From Facebook, 30 Dec 15:
Seeing “Carol” at a classic movie theater on Piedmont Avenue–
We saw a film today at a classic old movie theater, the kind on a street corner along a street lined with shops and cafes, where you walk out of the lobby afterwards right onto the street! This was the first time we’ve seen a movie in the Bay Area anywhere other than the AMC theaters in Emeryville, where you park in a large structure behind the theaters and adjacent shops.
The theater was charming but parking problematic: street parking was limited to 2 hours. I asked the ticket clerk about it, and he suggested parking on the side streets several blocks back, where the two-hour limit didn’t apply. It was raining today, so we got a space on the main street in front of the theater, fed the meter immediately before the film, then raced back to the car before the credits finished. (For the first time in likely 20 years, I did not sit through the credits, fearing a parking ticket.)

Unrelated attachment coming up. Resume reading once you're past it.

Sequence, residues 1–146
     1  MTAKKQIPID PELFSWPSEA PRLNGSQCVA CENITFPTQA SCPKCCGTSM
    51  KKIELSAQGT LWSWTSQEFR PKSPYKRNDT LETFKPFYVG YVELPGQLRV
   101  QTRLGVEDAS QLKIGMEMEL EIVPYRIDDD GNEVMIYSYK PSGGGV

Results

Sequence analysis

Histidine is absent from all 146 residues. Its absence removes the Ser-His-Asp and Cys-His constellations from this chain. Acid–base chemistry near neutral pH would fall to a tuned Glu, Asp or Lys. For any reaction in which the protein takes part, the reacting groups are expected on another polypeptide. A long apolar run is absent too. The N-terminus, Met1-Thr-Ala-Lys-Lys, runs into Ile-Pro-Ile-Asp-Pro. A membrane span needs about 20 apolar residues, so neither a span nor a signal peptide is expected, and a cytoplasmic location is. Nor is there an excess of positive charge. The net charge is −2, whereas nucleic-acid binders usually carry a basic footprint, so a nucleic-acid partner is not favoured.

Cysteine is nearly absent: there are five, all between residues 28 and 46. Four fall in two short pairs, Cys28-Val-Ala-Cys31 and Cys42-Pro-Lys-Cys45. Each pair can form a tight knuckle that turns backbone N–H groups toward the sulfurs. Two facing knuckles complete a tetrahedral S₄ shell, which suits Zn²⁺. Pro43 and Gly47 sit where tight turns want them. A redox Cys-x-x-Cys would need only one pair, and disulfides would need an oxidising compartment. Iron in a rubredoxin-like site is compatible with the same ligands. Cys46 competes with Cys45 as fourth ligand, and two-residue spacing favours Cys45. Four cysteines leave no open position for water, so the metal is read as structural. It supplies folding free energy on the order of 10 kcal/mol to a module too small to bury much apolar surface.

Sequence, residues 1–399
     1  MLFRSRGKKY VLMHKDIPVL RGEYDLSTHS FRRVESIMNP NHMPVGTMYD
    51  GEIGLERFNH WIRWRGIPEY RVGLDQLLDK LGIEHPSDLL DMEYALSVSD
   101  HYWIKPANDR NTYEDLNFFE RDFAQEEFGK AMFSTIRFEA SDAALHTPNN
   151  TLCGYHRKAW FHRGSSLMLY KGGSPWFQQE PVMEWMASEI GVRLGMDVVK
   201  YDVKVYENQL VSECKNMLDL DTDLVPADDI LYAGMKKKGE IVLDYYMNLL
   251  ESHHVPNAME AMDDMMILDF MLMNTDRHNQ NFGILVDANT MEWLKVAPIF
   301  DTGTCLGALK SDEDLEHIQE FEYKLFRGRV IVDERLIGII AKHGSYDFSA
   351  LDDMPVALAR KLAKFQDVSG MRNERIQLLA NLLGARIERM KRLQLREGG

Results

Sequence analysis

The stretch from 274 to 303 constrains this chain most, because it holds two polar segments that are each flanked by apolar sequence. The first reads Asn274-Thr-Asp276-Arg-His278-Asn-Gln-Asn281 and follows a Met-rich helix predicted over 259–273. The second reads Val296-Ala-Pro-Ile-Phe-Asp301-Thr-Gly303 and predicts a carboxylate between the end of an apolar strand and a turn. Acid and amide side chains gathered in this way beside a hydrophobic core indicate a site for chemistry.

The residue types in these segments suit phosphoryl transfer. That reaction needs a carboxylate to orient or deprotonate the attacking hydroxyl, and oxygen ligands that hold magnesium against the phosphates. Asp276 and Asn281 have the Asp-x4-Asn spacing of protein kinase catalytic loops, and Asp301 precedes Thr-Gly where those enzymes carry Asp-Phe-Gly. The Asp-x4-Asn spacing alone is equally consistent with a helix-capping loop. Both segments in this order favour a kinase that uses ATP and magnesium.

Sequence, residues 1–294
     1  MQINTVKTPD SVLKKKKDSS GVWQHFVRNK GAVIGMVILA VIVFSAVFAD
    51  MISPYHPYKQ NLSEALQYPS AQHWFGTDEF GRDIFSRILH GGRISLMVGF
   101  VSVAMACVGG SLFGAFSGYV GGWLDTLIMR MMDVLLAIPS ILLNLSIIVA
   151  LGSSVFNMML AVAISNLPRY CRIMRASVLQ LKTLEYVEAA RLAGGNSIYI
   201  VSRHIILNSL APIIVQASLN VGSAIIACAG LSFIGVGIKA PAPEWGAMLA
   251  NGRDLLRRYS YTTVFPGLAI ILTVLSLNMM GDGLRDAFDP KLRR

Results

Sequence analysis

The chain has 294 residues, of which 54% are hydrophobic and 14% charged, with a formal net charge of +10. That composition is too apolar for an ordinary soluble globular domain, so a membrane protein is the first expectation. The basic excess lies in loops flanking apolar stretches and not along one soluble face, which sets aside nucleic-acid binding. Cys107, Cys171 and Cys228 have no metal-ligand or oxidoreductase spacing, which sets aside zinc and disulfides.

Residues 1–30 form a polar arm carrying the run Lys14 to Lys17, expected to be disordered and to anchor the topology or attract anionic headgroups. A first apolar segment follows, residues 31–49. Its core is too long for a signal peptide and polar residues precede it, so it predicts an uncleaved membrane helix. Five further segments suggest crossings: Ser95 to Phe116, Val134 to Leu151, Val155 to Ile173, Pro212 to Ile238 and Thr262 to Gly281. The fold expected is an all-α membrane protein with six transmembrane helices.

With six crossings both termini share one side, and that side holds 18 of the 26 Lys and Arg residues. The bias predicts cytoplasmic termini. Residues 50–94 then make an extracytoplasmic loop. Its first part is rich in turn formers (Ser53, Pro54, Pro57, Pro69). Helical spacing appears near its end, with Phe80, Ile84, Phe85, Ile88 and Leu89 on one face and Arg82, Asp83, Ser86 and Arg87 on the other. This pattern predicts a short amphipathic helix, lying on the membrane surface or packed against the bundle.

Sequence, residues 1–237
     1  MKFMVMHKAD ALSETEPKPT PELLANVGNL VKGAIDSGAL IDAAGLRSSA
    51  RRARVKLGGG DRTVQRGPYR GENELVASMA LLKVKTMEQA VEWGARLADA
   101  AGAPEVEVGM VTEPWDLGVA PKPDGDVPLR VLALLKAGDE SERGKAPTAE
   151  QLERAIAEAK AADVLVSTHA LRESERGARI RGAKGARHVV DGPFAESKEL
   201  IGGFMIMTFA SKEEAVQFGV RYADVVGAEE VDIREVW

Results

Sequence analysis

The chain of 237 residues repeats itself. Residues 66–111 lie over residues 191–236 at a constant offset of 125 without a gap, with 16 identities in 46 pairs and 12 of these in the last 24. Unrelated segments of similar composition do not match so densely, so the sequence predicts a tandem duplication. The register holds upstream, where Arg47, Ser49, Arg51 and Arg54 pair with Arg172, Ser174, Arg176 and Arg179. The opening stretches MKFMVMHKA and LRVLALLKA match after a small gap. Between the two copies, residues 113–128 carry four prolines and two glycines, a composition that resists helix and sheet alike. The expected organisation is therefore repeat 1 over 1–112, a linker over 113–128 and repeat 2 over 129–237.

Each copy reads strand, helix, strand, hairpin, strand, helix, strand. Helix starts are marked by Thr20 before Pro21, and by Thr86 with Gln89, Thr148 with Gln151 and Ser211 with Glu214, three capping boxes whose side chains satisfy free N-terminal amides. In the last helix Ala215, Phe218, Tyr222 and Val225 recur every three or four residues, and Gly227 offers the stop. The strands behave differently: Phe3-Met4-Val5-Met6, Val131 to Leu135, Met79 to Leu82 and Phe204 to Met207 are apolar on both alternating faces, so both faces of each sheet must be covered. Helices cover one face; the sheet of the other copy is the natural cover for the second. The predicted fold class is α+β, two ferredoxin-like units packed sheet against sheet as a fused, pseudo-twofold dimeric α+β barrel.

The film was Carol, starring Cate Blanchett and Rooney Mara, a lesbian romance set in the early 1950s, adapted from a novel by Patricia Highsmith (who also did the book that the film The Talented Mister Ripley was based on). It’s immaculately produced and subtly acted, with the plot considering the consequences in that era for anyone suspected of behavior that would trigger an “immorality clause”, that threatens the Blanchett character from losing contact with her child. This is not a film of histrionics, but the best scene is when Blanchett’s character, meeting her and her husband’s lawyers, defies their agreement that would brand her some kind of deviant, insisting that they are not ugly people, the kind of people who would drag their dispute through the courts at the expense of their child. It’s a dramatic scene in a film that is mostly about subtle nuances…including, most especially, the final scene.